By Megan Strickland
For Reporting Texas and the Austin American-Statesman
Sandra Beard is tired of earthquakes in her neighborhood. She wonders whether they’re naturally caused, or linked to fracking wells in her area.
“Every night you go to bed, and you wonder, ‘Oh, God, is it going to happen again?’” Beard said. “When it does, you wake up, and stuff is crashing all around you.”
Beard, a 62-year-old retiree, lives in Timpson, an East Texas town of 1,100 people in Shelby County. The area has experienced six earthquakes bigger than 2.1 on the Richter scale since May 2012. The biggest registered 4.8, enough to move things around and cause slight damage.
Shelby County sits astride the western end of the Haynesville-Bossier Shale, which stretches from East Texas across Louisiana to Mississippi and Alabama. As fracking – drilling for gas using hydraulic fracturing – has grown in the Haynesville, earthquakes have followed, as they did in the state’s other major fracking plays – the Eagle Ford Shale in South Texas and the Barnett Shale in North Central Texas.
The quakes, residents and scientists suspect, aren’t caused by the drilling itself. Every fracked well uses between 4 million and 6 million gallons of water, much of which returns to the surface. The unusable saltwater is pumped into deep “disposal wells,” which are the main suspects as causes of earthquakes.
There are 27 disposal wells in Shelby County, according to the Texas Commission on Environmental Quality, with two inside the Timpson city limits.
Residents and county leaders want the quakes to stop, but they don’t want to slow down the Haynesville boom that is bringing prosperity to the area.
“We don’t want to cut our nose off our faces,” Timpson Mayor Debra Smith said. “We are a very oil- and gas-rich community and county. I’m not figuring anybody’s trying to shut the oil and gas industry down. They may want to make sure every thing’s being done to make the process as safe as possible, but they aren’t thinking about running them out of town.”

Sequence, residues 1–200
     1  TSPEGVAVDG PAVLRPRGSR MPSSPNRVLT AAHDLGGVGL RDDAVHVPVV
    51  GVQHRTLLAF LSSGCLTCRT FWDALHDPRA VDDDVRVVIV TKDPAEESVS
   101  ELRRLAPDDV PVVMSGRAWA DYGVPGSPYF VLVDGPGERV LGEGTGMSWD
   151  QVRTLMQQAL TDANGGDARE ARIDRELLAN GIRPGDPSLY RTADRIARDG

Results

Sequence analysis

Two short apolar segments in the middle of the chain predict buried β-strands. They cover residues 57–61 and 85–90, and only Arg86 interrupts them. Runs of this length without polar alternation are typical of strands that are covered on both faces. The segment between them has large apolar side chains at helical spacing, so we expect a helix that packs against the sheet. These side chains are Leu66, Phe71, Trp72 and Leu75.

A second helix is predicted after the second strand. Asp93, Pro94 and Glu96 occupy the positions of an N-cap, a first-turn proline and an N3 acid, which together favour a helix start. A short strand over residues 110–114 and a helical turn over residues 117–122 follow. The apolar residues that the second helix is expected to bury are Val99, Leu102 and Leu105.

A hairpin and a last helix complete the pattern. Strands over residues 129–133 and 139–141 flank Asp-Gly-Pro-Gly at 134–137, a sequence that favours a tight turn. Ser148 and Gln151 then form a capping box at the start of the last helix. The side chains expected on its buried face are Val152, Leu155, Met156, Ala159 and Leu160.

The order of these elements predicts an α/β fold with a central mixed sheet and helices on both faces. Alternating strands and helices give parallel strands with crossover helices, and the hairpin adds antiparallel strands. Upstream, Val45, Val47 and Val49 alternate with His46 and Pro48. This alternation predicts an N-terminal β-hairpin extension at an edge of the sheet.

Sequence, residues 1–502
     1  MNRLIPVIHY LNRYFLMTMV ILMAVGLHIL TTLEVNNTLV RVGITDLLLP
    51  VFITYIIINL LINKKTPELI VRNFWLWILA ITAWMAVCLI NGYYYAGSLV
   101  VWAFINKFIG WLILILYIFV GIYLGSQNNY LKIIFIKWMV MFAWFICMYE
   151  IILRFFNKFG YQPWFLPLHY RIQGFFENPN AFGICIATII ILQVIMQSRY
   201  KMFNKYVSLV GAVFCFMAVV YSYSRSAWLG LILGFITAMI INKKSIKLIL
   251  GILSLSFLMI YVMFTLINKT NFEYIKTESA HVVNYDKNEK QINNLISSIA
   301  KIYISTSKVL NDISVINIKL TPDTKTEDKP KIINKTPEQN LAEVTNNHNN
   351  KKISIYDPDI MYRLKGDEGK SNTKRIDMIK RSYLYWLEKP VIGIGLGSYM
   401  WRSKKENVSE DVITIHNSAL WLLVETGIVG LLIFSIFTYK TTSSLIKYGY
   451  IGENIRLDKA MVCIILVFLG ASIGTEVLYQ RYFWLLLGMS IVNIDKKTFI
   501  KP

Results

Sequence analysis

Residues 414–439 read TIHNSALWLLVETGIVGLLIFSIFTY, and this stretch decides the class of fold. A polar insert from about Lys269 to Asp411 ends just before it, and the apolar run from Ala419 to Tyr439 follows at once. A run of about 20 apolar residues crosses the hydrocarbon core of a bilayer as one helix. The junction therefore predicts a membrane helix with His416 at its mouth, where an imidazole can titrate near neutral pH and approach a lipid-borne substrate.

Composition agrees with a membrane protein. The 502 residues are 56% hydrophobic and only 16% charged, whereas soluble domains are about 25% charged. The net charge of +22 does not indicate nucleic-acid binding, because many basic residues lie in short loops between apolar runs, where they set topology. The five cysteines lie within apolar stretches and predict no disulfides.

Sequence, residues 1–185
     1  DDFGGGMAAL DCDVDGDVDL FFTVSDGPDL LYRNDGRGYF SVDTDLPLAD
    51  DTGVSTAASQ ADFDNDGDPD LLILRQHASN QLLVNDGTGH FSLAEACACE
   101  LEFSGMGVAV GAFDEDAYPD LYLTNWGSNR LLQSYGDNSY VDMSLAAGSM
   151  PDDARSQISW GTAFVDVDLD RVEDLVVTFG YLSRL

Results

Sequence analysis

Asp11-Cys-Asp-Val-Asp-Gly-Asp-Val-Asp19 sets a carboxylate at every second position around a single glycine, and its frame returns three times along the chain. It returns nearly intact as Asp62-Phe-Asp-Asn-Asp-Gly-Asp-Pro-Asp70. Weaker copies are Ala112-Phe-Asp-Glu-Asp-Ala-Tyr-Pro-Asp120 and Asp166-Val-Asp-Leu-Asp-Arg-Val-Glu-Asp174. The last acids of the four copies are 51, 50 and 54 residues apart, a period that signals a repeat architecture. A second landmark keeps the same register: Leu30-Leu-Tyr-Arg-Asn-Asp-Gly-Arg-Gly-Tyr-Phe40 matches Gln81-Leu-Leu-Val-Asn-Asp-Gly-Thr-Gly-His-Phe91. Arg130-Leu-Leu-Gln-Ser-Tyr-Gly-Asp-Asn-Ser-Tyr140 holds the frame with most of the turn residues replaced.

Cliff Frolich, associate director for the Institute for Geophysics at the University of Texas at Austin, said the disposal wells might be destabilizing the Mt. Enterprise Fault, which runs underneath Timpson.
“It’s not an issue of if fracking causes earthquakes; it’s a question of if the disposal causes earthquakes,” Frolich said. “If that’s the case, you could still produce the gas. You just have to dispose of the stuff somewhere else.”
His research established a link between saltwater disposal wells and earthquakes in the Dallas area. Other researchers have linked saltwater disposal wells to earthquakes in Ohio and Arkansas. Frolich said it could be months before he and researchers at Stephen F. Austin State University conclude what’s causing the Shelby County quakes.
The Shelby County Freshwater Supply District’s board isn’t waiting. In February it drafted a petition to state Rep. Chris Paddie, a Republican from Carthage, asking for help in suspending operation of the disposal wells. The wells are regulated by the Railroad Commission, so there is little Paddie could do directly to stop the pumping. Still, the board’s vote highlights the growing tension between those who are sick of the quakes and others who don’t want to offend the energy industry.
A spokeswoman for Paddie said he had received phone calls and written comments about the earthquakes, but hadn’t introduced legislation to deal with the Shelby County wells.